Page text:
2. “Happy Xmas (War is Over) – John Lennon and Yoko Ono (1971). In 1969 the Lennons put up billboard advertisements in major cities around the world that stated simply: “War is Over! (If You Want It).” This became the theme around which John Lennon composed an anti-war Christmas song. Recorded with the Harlem Community Choir and produced by Phil Spector (who’s own legendary Christmas Album suffered the fate of having been released the very same day President Kennedy was assassinated, and was quickly pulled from release), the single did not initially chart well. But as with so many records with a short but annual shelf life, it sold much better the following year. It has since been covered by a wide variety of musical artists, and the original recording is regularly heard on radio and TV whenever the Christmas Season rolls around.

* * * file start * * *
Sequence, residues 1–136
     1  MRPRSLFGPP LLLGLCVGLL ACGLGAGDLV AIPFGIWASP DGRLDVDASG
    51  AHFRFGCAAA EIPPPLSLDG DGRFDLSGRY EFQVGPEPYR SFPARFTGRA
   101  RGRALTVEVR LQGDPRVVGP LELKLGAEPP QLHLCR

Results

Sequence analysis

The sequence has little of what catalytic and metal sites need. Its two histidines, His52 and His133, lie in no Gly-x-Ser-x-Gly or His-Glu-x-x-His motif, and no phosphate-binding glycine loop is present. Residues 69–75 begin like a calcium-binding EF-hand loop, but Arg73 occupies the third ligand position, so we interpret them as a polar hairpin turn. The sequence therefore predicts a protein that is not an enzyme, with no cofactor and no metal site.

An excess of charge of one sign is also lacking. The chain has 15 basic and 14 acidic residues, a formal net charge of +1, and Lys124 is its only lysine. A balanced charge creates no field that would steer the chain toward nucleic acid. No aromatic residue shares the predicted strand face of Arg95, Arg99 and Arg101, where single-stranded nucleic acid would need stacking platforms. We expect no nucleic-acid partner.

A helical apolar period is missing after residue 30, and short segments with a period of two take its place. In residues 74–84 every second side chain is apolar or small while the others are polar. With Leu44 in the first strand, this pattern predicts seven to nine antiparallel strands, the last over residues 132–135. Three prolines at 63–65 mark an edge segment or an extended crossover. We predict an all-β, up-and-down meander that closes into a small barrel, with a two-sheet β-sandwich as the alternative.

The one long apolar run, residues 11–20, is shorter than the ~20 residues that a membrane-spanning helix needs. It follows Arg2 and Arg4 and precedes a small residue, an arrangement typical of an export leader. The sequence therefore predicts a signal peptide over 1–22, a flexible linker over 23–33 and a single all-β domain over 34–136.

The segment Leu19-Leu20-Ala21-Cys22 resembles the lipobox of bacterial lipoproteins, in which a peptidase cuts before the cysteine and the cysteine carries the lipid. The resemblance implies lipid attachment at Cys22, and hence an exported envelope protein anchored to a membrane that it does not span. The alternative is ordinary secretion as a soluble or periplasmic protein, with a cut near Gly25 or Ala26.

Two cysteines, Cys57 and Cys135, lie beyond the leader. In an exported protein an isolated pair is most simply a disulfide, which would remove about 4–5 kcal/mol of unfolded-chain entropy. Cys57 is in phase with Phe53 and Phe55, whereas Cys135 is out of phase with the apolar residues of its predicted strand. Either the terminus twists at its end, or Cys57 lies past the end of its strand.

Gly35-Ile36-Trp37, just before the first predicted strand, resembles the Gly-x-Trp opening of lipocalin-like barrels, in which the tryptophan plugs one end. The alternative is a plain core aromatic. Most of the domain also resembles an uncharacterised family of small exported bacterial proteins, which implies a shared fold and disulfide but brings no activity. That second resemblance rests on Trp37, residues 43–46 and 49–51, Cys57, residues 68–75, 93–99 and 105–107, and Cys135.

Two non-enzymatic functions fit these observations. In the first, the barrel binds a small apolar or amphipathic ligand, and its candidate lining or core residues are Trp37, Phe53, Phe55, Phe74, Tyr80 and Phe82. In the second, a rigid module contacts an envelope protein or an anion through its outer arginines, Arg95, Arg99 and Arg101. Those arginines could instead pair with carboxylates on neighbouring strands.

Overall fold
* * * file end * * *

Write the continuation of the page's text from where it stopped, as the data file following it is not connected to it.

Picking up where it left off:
1. “Merry Christmas Baby” – Johnny Moore’s Three Blazers (1947).  Slightly pre-dating what is generally accepted to be “the Rock And Roll era,” this influential 1947 composition was and continues to be covered by nearly every performer who feels a need for a Christmas song in their set list whenever December rolls around. It’s been recorded by such authentic artists as Chuck Berry, Bonnie Raitt and Otis Redding, as well as wanna-be artists like Jessica Simpson, Christina Aguilera and Hanson. For the original recording Johnny Moore stacked things in his favor by hiring guitarist Oscar Moore of the Nat King Cole Trio, and singer/pianist Charles Brown. The single reached #3 on the Billboard R&B charts.